Biosphere of Montreal
Designed by Buckminster Fuller, this relic of the 67 Expo survived fire and ice.
As their contribution to Montreal’s 1967 World’s Fair Exposition the United States government commissioned architect, scientist, and well-known genius Buckminster Fuller to design a pavilion for the Canadian exhibition.
Fuller, who popularized, perfected, and named the Geodesic Dome, designed a 20-story-tall dome in the fashion of his hallmark design to represent the USA. Done in a full two-thirds sphere, rather than the typical half dome, the massive steel structure was seen and admired by over 5.6 million visitors who went into the dome to see exhibits from actual spaceships from the Apollo missions to American works of art. The dome’s steel skeleton was fitted with a clear acrylic covering, making the structure look like a massive, glittering jewel.
When the fair ended, the pavilion remained. The dome was originally meant to be bolted together, allowing the pavilion to be dismantled when the fair was finished, but budget constraints led workers to weld the dome together instead, securing the dome’s place in Montreal’s landscape.
The sphere would remain open to the public for nine years until an accident involving some routine welding maintenance caused the acrylic covering to catch fire, engulfing the entire sphere in a spectacular ball of fire with flames that burned for 30 minutes. When the flames subsided, there was no sign of the acrylic walls to be seen, but the steel trusses of the dome remained. After the fire, the dome was closed to the public for over fifteen years.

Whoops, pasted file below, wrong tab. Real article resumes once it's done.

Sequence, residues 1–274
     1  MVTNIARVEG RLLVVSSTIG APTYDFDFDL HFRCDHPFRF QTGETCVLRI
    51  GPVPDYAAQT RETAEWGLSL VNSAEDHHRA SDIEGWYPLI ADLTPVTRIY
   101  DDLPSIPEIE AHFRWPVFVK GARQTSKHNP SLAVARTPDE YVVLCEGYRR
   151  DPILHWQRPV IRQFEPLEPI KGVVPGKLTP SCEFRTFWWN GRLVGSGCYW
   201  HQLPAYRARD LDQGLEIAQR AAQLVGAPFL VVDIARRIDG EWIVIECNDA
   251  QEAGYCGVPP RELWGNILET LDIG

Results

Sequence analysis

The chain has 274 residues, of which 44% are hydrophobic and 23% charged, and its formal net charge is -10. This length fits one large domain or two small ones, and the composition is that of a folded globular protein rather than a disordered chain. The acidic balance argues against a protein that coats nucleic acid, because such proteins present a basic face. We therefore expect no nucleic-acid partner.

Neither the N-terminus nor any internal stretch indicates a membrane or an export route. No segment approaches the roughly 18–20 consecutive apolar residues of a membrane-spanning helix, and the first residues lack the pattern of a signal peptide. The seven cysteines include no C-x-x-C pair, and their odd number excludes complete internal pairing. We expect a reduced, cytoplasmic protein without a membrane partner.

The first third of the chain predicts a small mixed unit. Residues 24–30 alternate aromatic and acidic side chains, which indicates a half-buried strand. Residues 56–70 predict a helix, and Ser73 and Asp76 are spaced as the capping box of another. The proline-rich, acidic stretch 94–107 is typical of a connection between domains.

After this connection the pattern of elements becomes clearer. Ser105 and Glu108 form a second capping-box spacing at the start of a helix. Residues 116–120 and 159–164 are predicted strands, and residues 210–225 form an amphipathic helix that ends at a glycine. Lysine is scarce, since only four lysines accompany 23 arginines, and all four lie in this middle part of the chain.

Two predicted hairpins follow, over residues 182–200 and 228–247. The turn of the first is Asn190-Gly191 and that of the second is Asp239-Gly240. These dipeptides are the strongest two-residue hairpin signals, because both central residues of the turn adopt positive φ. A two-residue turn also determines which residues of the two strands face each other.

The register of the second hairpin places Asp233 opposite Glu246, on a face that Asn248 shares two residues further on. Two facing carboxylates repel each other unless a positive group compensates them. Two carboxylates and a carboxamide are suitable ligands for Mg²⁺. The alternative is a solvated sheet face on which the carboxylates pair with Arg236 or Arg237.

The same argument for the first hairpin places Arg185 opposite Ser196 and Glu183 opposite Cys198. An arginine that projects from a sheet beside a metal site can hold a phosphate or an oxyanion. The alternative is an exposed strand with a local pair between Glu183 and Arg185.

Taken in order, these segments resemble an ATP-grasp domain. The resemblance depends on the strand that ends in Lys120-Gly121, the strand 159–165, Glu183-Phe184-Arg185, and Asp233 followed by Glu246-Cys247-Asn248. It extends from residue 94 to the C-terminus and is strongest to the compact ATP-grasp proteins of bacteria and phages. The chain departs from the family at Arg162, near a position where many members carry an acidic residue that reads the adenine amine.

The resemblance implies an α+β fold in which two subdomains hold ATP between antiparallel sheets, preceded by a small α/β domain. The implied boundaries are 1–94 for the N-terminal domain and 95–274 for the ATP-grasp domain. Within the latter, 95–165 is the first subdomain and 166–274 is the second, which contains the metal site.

In June 1995, the dome rose from the ashes and was re-purposed as a museum devoted to environmental action. The reopened dome sported no acrylics on its exterior this time around, due to the costs of keeping the gigantic dome warm and cool, and probably to prevent future accidents. However, the dome was hit with another disaster in 1998 when an ice storm forced the biosphere to close for five months.
The biosphere reopened, and still houses the museum. Through the fire and Canadian ice storms, the Biosphere of Montreal remains, a sturdy and beautiful example of “Bucky’s” geodesic architecture.
Know Before You Go
By metro: Jean-Drapeau station (Yellow Line); two-minute walk.
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